by Bernard Golden

Open Source in Your Ear

Aug 25, 20064 mins

One of the most interesting announcements at LinuxWorld was the TrollTech Qtopia Greenphone. The Greenphone is a cellphone intended as a development harness for open source developers to experiment with.

It is a working GSM phone that enables flash updating of the Linux-based operating system. If you read my recent blog posting on net neutrality and hardware hacking, you’ll know about the potential for a user-modifiable piece of hardware.

TrollTech does not intend the Greenphone to be a widely available product; in fact, they don’t expect that it will be anyone’s “real” mobile phone. Instead, they expect it will be a platform for experimentation that will enable end users to extend the phone’s base functionality in ways that cannot be foreseen by Trolltech or anyone else.

Because the Greenphone is end user-modifiable, it holds the potential to change the established value chain in mobile phone service. Today, for an application to end up on a phone in your hands, it must pass muster with both the handset manufacturer and the mobile service provider. As you might imagine, this is a tortuous process, particularly given the fact that, while both parties cooperate in this process, their interests are not exactly aligned. And both of them are trying to figure out how to offer and profit from handset applications, which means their interests are only partly aligned with the end user’s.

More challenging is the process from the application provider’s point of view. Since getting one’s application on the end phone rests with convincing two large, bureaucratic organizations to agree to ship the app, the process inevitably works to the benefit of deep-pocketed application providers but to the detriment of innovative but not-so-well-off companies. It can be especially difficult to demonstrate an application on a phone; since the startup can’t demo its app, it’s nearly impossible to convince the handset provider/service provider to take a chance on an unseen piece of software.

The Greephone offers something of a break from that established process. Because an end user can modify the phone’s Linux system, it is possible for an application provider to install its app on a working phone and demonstrate its functionality to the manufacturers and service providers. Since, as the old saying goes, seeing is believing, the Greenphone may provide application companies a powerful weapon to get to market.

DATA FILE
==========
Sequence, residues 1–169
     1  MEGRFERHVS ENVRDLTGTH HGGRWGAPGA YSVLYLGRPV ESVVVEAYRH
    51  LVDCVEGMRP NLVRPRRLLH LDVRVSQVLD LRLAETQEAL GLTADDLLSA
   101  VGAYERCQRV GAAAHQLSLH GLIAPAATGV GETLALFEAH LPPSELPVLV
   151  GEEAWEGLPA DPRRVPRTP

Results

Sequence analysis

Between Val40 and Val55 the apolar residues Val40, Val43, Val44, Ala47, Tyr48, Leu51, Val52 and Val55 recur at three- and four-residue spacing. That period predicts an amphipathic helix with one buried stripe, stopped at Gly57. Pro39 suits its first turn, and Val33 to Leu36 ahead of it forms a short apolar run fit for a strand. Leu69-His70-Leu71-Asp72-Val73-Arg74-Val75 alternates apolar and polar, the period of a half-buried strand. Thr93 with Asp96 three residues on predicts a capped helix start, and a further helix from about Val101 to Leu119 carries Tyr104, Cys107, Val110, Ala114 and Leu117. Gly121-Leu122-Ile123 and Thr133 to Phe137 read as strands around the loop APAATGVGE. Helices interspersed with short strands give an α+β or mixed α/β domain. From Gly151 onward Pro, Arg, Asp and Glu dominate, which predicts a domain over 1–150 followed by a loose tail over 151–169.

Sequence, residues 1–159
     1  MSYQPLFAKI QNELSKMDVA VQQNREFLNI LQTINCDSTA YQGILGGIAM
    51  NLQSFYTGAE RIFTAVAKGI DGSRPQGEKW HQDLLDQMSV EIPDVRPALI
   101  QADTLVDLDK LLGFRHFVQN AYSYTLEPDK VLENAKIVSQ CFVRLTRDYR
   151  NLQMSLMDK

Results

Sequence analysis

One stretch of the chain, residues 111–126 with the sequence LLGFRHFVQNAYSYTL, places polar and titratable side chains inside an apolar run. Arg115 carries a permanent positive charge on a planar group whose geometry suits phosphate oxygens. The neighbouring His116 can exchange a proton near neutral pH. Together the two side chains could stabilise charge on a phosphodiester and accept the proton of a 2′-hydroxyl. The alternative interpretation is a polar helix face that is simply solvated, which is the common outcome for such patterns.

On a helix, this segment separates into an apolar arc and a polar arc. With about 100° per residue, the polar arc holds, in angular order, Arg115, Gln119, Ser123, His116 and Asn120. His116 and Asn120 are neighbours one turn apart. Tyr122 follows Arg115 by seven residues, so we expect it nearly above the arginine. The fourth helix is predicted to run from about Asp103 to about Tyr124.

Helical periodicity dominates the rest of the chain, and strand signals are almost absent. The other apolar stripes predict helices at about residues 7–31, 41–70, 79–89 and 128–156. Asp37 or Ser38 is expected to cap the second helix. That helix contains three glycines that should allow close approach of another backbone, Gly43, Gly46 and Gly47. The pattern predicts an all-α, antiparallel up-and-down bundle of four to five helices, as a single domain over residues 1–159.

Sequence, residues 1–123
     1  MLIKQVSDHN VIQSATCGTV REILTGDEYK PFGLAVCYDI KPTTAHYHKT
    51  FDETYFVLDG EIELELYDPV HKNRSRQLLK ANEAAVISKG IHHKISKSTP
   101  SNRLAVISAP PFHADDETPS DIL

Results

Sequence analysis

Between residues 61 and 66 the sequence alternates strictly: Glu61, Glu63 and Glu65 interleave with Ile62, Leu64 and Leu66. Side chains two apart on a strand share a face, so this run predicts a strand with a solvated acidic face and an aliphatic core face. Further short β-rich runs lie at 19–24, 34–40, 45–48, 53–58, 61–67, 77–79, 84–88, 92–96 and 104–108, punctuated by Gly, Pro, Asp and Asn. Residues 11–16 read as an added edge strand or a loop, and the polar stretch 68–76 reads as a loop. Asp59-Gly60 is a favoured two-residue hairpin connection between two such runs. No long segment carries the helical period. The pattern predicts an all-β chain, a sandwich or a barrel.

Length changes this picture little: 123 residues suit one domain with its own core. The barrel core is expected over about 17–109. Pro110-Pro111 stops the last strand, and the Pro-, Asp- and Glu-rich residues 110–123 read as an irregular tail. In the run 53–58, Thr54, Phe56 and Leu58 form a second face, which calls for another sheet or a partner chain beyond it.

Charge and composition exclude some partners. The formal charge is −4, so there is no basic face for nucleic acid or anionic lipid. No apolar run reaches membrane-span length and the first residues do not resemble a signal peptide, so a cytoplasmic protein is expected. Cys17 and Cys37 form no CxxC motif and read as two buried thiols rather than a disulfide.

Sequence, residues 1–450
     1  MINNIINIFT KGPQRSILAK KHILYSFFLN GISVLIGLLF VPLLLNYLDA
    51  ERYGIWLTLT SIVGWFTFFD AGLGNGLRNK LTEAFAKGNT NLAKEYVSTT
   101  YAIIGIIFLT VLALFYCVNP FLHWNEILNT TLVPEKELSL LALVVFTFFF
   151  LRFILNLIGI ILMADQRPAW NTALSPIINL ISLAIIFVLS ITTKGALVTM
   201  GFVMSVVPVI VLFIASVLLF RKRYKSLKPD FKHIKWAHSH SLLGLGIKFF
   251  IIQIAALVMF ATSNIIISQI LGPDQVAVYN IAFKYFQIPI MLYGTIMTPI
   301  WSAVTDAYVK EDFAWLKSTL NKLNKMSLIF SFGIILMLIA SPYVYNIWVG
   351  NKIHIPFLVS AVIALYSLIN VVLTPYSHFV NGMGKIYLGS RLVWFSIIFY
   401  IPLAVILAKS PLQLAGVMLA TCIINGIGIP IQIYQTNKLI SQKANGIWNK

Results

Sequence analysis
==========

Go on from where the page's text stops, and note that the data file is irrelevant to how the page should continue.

All of this is a bit tricky since mobile phones operate under strict governmental regulations regarding amount of power emitted, frequencies used, and so on. Neither handset manufacturers nor service providers want to offer application companies a method to modify those phone characteristics, since failure to comply could cost them dearly. Furthermore, these companies are reluctant to allow modification of the phones because they will retain support responsibility even if someone runs into trouble with a modified phone.

Trolltech has cleverly gotten around the regulatory issue by separating the application portion of the phone from the operational portion; the former may be modified and reflashed, while the latter is inaccessible to user modification.

Much of the need for this clever architecting may become unnecessary with a new generation of phones, according to the Trolltech fellow I spoke to last week at LinuxWorld. There is going to be a new generation of WiFi-based phones that are, according to Trolltech, exempt from the cellular regulations regarding power and so on.

I’m guessing the WiFi phones are less regulated, but still carry some regulation, since I find it difficult to believe that a WiFi spectrum phone could blast as much power as the manufacturer or a subsequent produce modifier might choose. Nonetheless, the ability to reflash the phone without having to go through the handset manufacturer and the service provider offers enormous potential.

Trolltech says plainly that it expects to be surprised when it comes to the user applications people create to run on the Greenphone.  If my experience with hacking my Linksys router is any indication, I would expect that there will be enormous creativity unleashed as people start exploring how they can extend the phone’s functionality.